Double descent and phases of learning. The significance of this “dark band” is the following. A central prediction when viewing different phases of optimization landscapes from a statistical mechanics perspective [11, 12] is that there should be “bad fluctuations” between qualitatively different phases of learning (e.g., see the transition that separates Phase I and II from Phase III and IV in Figure 3(a)). The connection between phases and fluctuations in the popular double descent [20, 21] was made precise theoretically in analyzable settings [22, 23]. Here, we complement [22, 23] by exhibiting the same type of transitions empirically between different phases in our taxonomy, and demonstrating that empirical double descent is a consequence of qualitatively different phases of learning.

Training to zero loss. Next, we use Figure 4 to discuss whether to train to (approximately) zero loss, which is popular in recent work. From Figure 3(b), we observe that Phase III and Phase IV achieve almost exactly zero loss, while Phase I and Phase II do not. Once again, the loss experiences a more than tenfold decay when transitioning from Phase I/II to Phase III/IV. However, if we restrict to globally poorly-connected regions (Phase I and III in Figure 3(a)) and we restrict to a particular width value, i.e., selecting one column slice in the diagram that cuts through Phase III, such as the red block shown in Figure 3(a), we see that the best test accuracy is obtained in Phase I, instead of Phase III. Note that Phase I not only does not achieve zero loss, but it also has locally sharp minima (observed from Figure 3(c) and 3(d)). This means that for globally poorly-connected loss landscapes, it is possible that converging to a locally flat region achieves lower accuracy than a locally sharp region. More interestingly, this locally sharp region does not even converge to close-to-zero training loss.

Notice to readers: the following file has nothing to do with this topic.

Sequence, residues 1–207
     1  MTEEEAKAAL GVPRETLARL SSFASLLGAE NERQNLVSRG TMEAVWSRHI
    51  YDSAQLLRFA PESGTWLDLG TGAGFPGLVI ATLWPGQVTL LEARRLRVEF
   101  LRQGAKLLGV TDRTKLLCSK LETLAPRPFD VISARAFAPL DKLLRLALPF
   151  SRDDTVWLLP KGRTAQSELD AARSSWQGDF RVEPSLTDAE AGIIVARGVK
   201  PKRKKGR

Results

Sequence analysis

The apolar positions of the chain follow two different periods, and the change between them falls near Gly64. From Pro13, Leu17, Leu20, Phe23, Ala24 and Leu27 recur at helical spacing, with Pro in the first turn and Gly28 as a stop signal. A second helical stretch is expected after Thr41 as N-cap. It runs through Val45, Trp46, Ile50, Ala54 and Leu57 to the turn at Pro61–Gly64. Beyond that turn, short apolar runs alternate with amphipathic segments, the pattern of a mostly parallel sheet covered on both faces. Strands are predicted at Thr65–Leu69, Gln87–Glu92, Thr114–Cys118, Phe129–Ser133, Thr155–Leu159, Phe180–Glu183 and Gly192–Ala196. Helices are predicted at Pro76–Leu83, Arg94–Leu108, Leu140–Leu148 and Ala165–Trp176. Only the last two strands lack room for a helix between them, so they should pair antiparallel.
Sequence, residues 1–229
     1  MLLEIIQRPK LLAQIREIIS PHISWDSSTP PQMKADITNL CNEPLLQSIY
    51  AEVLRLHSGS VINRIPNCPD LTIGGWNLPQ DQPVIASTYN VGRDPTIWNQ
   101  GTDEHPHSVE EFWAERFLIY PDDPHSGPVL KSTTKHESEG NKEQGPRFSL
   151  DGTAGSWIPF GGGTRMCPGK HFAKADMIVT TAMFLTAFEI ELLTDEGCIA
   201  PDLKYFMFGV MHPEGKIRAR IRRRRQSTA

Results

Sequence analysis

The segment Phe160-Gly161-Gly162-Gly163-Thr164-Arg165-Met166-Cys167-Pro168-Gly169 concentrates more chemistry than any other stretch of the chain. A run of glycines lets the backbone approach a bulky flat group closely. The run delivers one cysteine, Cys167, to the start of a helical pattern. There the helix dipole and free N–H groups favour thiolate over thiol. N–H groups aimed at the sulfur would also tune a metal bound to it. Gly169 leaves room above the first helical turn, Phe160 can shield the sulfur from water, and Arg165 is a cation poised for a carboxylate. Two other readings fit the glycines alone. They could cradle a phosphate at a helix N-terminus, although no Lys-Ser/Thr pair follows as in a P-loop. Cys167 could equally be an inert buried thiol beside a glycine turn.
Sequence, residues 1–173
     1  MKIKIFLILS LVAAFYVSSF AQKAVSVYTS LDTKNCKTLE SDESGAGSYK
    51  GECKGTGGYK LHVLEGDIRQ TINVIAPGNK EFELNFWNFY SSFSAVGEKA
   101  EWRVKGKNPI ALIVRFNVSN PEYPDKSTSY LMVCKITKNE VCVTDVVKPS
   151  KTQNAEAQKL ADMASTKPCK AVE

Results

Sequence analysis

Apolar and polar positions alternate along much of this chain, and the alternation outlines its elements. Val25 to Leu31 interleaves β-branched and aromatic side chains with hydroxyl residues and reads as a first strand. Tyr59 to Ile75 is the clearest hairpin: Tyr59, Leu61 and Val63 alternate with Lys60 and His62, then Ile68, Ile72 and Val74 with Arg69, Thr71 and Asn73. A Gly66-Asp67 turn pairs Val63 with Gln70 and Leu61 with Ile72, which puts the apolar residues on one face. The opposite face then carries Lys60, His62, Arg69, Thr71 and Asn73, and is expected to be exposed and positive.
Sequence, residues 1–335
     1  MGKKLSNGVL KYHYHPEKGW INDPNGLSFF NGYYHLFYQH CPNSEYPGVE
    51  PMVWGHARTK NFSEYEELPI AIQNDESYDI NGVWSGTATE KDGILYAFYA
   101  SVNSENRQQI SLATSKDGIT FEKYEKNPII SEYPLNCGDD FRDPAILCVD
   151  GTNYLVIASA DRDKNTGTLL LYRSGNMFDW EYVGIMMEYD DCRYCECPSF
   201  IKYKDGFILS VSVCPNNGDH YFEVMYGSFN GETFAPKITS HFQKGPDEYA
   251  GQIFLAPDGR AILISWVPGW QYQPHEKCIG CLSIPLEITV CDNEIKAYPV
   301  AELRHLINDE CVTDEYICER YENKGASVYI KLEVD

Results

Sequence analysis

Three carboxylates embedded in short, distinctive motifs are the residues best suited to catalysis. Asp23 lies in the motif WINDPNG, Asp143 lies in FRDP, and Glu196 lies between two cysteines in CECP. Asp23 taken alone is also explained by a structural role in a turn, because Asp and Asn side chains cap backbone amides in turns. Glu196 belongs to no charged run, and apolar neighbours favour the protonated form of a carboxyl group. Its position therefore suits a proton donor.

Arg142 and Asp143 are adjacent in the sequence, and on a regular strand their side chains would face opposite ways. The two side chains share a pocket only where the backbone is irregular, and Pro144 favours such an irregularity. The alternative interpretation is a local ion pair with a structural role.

We should note that this observation is obtained only for a constant learning rate, without learning rate decay, which has been studied in Figure 3. In other words, for Phase III, training is done with a low temperature throughout. This can restrict the ability of SGD to “explore” the loss landscape to find a better minima. Thus, even though Phase III achieves even lower accuracy than non-converged training configurations in Phase I, we attribute it to insufficient exploration. Also, we note that Phase III has both poor mode connectivity and small CKA similarity, as shown in Figure 3(e) and Figure 3(f), respectively. However, one will wrongly predict that Phase III outperforms Phase I if one only looks at local sharpness, e.g., the Hessian plots shown in Figure 3(c)-3(d), because both the Hessian eigenvalue and the Hessian trace are smaller in Phase III than in Phase I.

(a) Test accuracy
(b) Training loss